Traditional VLAN links have been proven insufficient to cope with rigid requirements of cloud providers – as they are reaping significant benefits by stretching Layer 2 over Layer 3 network to build large multitenant data centers. VXLAN (Virtual Extensible Local Area Network) technology is proposed to extend VLAN and overcome the limited scalability posed by VLAN. The VXLAN provides layer 2 connectivity extension across the layer 3 boundary, enabling large-scale virtualized and multitenant data center designs over a shared common physical infrastructure. This article sticks to the basics of VXLAN and the difference between VXLAN vs VLAN.
VXLAN is a network virtualization scheme that enables users to create a logical network for virtual machines (VMs) across different networks. That is to say, it allows you to create a layer 2 network on top of layer 3 through encapsulation. What to emphasize is that you could potentially create 16 million networks using VXLAN, compared to the 4096 VLANs. In this case, VXLAN technology enables network to support far more VLANs. As a result, more logical network isolation for large networks can house much more virtual machines.
VXLAN allows you to create smaller layer 2 domains that are connected over a layer 3 network. Which eliminates the need to use Spanning Tree Protocol (STP) to converge the topology – but with a more robust routing protocols in the layer 3 network. Without STP, none of your links are blocked, so you can obtain full value from all the ports you purchased. VXLAN also enables you to load-balance the traffic to get the best use of your available bandwidth. These all makes sense to maximize data center performance.
VXLAN makes a dramatic difference for building cloud data centers. It lays the foundation of a scalable cloud network – where lots of logical networks can be created in a timely manner. This therefore satisfies the needs of the most complex and dynamic cloud. VXLAN, in fact, has successfully pushed the boundary of virtual machine migration beyond layer 2 domain.
VXLAN uses Layer 3 multicast to support the transmission of multicast and broadcast traffic in the virtual network, while decoupling the virtual network from the physical infrastructure. In this environment, a VXLAN gateway device can be used to terminate the VXLAN tunnel and forward traffic to and from a physical network. Here are explanations assist in understanding VXLAN.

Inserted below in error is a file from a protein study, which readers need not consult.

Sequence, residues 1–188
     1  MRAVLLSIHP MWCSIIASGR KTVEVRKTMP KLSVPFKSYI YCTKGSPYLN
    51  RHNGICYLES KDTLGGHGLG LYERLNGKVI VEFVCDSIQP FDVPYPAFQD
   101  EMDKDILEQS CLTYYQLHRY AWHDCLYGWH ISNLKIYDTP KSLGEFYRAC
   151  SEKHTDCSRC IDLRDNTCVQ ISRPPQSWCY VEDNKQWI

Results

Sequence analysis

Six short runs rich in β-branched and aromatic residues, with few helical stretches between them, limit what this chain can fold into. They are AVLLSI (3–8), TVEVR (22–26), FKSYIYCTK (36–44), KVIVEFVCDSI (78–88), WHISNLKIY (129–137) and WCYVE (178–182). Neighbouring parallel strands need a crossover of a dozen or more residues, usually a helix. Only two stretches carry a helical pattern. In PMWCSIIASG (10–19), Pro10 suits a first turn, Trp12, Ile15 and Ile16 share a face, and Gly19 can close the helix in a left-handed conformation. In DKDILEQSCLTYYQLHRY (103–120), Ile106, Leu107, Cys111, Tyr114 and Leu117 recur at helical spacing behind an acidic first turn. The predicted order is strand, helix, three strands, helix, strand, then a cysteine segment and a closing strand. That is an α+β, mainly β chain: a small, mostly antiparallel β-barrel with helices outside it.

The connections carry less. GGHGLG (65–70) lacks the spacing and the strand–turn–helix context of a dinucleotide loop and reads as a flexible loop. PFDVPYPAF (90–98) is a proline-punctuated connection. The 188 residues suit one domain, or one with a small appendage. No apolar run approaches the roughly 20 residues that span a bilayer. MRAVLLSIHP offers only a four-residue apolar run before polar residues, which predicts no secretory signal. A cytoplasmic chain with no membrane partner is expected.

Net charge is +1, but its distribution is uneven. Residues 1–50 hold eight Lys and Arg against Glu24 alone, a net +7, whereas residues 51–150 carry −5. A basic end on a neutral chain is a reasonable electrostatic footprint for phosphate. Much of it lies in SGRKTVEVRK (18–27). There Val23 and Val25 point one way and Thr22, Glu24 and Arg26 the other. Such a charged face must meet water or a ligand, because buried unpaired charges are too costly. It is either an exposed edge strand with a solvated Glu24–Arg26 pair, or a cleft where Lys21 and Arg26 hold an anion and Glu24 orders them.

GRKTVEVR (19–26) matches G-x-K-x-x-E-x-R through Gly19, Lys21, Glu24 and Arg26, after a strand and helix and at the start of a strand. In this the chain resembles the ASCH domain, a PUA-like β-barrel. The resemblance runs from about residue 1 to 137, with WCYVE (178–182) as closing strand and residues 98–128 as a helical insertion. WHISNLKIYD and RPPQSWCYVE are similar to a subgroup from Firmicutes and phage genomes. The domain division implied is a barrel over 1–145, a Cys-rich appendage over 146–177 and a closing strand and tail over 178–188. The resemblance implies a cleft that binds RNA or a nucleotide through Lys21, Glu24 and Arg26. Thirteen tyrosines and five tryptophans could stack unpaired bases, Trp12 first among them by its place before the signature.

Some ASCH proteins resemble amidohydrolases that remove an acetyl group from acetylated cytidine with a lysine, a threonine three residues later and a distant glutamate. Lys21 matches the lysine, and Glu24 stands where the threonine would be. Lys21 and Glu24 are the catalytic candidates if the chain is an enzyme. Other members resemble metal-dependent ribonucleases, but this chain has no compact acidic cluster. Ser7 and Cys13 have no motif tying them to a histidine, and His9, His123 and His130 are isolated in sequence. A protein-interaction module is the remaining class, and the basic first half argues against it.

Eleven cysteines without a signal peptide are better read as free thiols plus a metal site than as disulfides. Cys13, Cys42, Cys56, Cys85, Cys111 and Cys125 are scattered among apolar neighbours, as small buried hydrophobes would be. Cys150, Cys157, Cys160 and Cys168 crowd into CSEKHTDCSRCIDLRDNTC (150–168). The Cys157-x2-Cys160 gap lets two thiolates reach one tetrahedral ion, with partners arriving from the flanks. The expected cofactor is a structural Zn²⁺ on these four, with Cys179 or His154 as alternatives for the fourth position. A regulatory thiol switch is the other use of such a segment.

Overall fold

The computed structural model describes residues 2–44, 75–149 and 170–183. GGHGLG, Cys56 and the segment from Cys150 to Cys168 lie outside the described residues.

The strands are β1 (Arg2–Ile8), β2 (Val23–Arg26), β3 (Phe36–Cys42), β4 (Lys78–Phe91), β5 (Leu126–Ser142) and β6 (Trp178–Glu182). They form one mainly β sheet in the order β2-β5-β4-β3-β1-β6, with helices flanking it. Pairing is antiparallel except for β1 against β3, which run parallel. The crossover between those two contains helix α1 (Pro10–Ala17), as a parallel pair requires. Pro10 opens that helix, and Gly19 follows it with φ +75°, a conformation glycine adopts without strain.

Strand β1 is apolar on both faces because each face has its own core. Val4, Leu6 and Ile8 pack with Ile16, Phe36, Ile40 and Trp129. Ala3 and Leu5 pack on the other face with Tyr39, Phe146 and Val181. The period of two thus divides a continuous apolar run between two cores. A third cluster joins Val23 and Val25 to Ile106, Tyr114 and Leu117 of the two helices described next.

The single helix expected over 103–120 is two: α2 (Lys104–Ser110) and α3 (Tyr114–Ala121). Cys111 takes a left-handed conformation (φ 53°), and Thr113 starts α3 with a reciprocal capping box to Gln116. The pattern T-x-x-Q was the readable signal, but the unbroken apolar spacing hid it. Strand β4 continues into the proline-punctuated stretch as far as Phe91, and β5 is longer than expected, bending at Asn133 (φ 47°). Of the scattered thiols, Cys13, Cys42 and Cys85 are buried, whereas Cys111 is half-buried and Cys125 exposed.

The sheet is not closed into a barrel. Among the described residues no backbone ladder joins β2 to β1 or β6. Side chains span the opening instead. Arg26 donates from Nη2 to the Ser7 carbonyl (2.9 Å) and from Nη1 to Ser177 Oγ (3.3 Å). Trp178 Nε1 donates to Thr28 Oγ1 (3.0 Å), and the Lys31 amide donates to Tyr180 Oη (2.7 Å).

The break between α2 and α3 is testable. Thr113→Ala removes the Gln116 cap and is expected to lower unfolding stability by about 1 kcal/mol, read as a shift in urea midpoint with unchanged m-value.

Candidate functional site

VXLAN gateway: A VXLAN gateway bridges traffic between VXLAN and non-VXLAN environments by becoming a virtual network endpoint. For example, it can link a traditional VLAN and a VXLAN network,
VXLAN segment: A VXLAN segment is a Layer 2 overlay network over which VMs communicate. Only VMs within the same VXLAN segment can communicate with each other.
VNI: The Virtual Network Identifier (VNI), also referred to as VXLAN segment ID. The system uses the VNI, along with the VLAN ID, to identify the appropriate tunnel.
VTEP: The VXLAN Tunnel Endpoint (VTEP) terminates a VXLAN tunnel. The same local IP address can be used for multiple tunnels.
VXLAN header: In addition to the UDP header, encapsulated packages include a VXLAN header, which carries a 24-bit VNI to uniquely identify Layer 2 segments within the overlay.
VXLAN is developed to provide the same Ethernet Layer 2 network services as VLAN does today, but with greater extensibility and flexibility. When it comes to segment your networks, VXLAN functions just like VLAN and possesses advantages VLAN don’t have. Here are the most significant benefits of using VXLANs.
- You can theoretically create as many as 16 million VXLANs in an administrative domain, as opposed to 4094 VLANs.
- VM can migrate between servers that exist in separate Layer 2 domains by tunneling the traffic over Layer 3 networks. So you can dynamically allocate resources within or between data centers without being constraint by Layer 3 boundaries.
- Flexible placement of multitenant segments: VXLAN extends Layer 2 segments over the underlying shared network infrastructure so that tenant workload can be placed across physical pods.
- Higher scalability to address more layer 2 segments: VXLAN uses a 24-bit segment ID, also known as the VXLAN network identifier (VNID), which enables up to 16 million VXLAN segments to coexist in the same administrative domain.
- Better utilization of available network paths in the underlying infrastructure: VXLAN packets are transferred through the underlying network based on its Layer 3 header and can take complete advantages of Layer 3 routing and link aggregation protocols to use all available paths.
When compared VXLAN vs VLAN, VXLAN is no doubt a better solution with evident benefits: sufficient links and capacity to handle massive traffic in cloud environment. VXLAN technology is meant to provide same services connected to Ethernet end systems that VLANs do today, while offer a means to stretch L2 network over a L3 network. VXLAN assures clean isolation between VMs and physical IP-based transport infrastructure, and enables unsurpassed reliability and scalability to network. Just remember that we need VXLAN termination in physical devices, such as switches, firewalls and load balancers before we can start considering large-scale deployments.